Most of the justices — including newly confirmed Justice
That could prevent the
The high court is pondering whether venture capitalist Charles Kokesh must return $35 million from investor funds he used to pay himself and others at his New Mexico-based operation from 1995 to 2006.
The federal appeals court in Denver ruled that Kokesh must pay the full amount to the SEC. Lawyers for Kokesh say the five-year window should reduce his payment to just $5 million because the SEC did not bring charges against him until 2009.
At issue is a law that prevents the government from going back more than five years to impose penalties or seek forfeiture of assets. The SEC argues the time limit doesn't apply because it's not assessing a penalty, only trying to recover illicit profits.
But justices across ideological lines seemed skeptical of the distinction.
"It does seem to me that we kind of have a special obligation to be concerned about how far back the government can go when it's something that Congress did not address," Chief Justice Roberts said.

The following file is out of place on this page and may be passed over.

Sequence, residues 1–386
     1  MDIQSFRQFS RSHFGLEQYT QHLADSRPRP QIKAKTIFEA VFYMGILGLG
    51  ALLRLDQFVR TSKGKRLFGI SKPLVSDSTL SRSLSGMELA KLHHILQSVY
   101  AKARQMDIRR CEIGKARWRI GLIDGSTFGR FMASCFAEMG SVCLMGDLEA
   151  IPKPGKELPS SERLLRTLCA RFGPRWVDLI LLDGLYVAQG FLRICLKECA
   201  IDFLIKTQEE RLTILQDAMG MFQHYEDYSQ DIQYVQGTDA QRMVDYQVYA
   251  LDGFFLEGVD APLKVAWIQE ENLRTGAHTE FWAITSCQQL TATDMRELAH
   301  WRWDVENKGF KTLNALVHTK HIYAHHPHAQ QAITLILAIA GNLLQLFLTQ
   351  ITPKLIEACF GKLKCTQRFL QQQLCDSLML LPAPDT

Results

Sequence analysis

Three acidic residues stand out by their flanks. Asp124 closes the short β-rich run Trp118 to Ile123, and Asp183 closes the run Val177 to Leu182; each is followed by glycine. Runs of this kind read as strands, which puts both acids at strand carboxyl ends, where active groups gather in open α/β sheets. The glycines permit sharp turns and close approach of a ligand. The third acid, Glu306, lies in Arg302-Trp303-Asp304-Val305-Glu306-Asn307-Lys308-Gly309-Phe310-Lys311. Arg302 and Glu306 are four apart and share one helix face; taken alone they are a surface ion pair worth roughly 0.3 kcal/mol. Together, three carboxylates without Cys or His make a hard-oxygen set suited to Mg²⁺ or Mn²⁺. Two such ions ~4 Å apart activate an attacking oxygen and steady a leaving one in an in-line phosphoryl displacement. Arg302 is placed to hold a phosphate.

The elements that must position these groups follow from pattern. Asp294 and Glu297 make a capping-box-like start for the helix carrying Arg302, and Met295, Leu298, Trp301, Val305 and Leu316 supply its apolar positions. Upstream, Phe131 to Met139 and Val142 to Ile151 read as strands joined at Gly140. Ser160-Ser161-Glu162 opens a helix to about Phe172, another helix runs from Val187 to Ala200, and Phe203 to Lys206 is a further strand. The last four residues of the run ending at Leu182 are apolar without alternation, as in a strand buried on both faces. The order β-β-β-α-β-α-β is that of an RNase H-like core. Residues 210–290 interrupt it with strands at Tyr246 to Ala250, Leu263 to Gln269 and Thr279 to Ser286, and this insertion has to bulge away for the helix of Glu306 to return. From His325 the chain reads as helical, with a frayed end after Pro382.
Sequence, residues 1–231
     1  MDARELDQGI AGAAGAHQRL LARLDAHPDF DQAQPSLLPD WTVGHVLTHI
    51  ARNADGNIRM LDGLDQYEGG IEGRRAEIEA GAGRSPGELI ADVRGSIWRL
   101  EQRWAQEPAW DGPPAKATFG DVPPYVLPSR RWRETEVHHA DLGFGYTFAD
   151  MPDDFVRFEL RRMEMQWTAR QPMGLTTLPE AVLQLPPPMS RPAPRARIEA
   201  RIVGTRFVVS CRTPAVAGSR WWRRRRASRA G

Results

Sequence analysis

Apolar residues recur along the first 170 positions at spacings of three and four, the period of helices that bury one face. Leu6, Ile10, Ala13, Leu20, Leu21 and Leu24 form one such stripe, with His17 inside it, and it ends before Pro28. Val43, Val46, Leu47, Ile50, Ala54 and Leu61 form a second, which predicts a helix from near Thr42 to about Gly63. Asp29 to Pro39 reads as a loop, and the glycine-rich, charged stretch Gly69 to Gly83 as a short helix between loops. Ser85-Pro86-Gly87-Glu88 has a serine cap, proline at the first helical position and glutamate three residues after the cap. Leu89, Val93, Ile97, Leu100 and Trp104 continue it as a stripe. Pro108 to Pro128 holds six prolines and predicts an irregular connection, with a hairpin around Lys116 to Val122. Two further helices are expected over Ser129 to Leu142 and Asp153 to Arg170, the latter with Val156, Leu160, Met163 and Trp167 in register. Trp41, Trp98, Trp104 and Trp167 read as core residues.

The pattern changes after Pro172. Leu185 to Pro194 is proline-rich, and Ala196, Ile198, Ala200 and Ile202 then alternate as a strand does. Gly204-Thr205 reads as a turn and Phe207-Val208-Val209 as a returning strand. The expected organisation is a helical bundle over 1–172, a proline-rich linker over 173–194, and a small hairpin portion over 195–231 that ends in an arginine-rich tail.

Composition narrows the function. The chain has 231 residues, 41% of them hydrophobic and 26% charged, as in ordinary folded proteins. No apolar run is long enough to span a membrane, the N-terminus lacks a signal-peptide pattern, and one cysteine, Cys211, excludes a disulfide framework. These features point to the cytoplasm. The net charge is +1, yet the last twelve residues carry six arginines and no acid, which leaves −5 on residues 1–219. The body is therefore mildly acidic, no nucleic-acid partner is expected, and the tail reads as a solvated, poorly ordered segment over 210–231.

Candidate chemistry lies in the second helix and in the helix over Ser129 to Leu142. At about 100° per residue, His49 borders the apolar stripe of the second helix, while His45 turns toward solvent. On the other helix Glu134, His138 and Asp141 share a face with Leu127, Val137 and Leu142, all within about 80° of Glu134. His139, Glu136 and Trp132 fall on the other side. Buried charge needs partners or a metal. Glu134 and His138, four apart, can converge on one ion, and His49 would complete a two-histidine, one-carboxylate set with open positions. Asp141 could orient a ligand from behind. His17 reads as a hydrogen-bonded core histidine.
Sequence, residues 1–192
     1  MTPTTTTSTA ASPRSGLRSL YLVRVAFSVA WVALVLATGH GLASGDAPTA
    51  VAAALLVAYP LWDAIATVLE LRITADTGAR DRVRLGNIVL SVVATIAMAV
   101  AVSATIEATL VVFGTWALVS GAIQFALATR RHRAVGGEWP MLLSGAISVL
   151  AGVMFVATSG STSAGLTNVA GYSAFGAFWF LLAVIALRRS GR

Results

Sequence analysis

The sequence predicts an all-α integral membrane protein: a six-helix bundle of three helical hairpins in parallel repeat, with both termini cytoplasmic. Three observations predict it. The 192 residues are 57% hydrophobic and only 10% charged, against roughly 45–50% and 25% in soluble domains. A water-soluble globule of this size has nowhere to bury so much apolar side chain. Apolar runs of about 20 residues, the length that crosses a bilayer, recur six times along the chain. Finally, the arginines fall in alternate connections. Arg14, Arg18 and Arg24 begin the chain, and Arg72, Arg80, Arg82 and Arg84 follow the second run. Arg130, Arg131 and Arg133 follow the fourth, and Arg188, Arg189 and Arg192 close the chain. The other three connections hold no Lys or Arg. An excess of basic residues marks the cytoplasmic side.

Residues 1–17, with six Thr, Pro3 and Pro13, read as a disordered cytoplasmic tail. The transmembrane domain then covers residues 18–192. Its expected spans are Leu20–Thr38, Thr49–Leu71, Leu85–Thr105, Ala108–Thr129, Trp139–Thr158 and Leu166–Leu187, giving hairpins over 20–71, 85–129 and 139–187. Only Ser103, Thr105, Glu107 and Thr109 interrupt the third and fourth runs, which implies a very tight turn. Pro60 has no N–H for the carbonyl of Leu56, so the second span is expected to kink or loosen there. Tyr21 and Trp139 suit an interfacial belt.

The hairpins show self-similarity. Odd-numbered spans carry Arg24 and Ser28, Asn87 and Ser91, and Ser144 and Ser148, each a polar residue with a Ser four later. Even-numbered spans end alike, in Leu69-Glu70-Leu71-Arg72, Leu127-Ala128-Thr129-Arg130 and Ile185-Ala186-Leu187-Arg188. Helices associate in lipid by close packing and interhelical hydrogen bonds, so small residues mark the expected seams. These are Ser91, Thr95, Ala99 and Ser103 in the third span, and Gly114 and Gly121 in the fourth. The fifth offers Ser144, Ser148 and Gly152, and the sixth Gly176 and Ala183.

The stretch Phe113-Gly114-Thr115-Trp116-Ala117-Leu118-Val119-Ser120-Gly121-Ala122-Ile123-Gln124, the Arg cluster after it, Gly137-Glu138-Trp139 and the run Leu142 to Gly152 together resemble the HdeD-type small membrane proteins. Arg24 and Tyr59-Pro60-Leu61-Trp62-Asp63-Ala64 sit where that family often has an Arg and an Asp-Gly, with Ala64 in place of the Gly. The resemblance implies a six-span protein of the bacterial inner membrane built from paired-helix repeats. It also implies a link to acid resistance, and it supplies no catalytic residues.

"It's a little bit artificial to try to tear them apart," she said.
Kokesh's attorney Adam Unikowsky told the justices that if disgorgement is about both recovering assets and imposing a penalty, it has to be considered punitive overall and subject to the five-year limit.
"The purpose of the remedy is to impose unpleasant legal consequences of wrongdoing," he said.
But Gorsuch noted that in a criminal case, the same kind of remedy would be considered a penalty.
"So why does it make a difference that we just happen to be in the civil context," he said. "I mean, goodness gracious, the difference between civil and criminal has vexed this court for many years."
The case comes to the high court from the 10th U.S. Circuit Court of Appeals, where Gorsuch served for more than a decade before he was confirmed to the Supreme Court. Gorsuch was not part of the three-judge panel that ruled against Kokesh last year. But he might find himself in the position of reversing his former colleagues if the high court sides with Kokesh.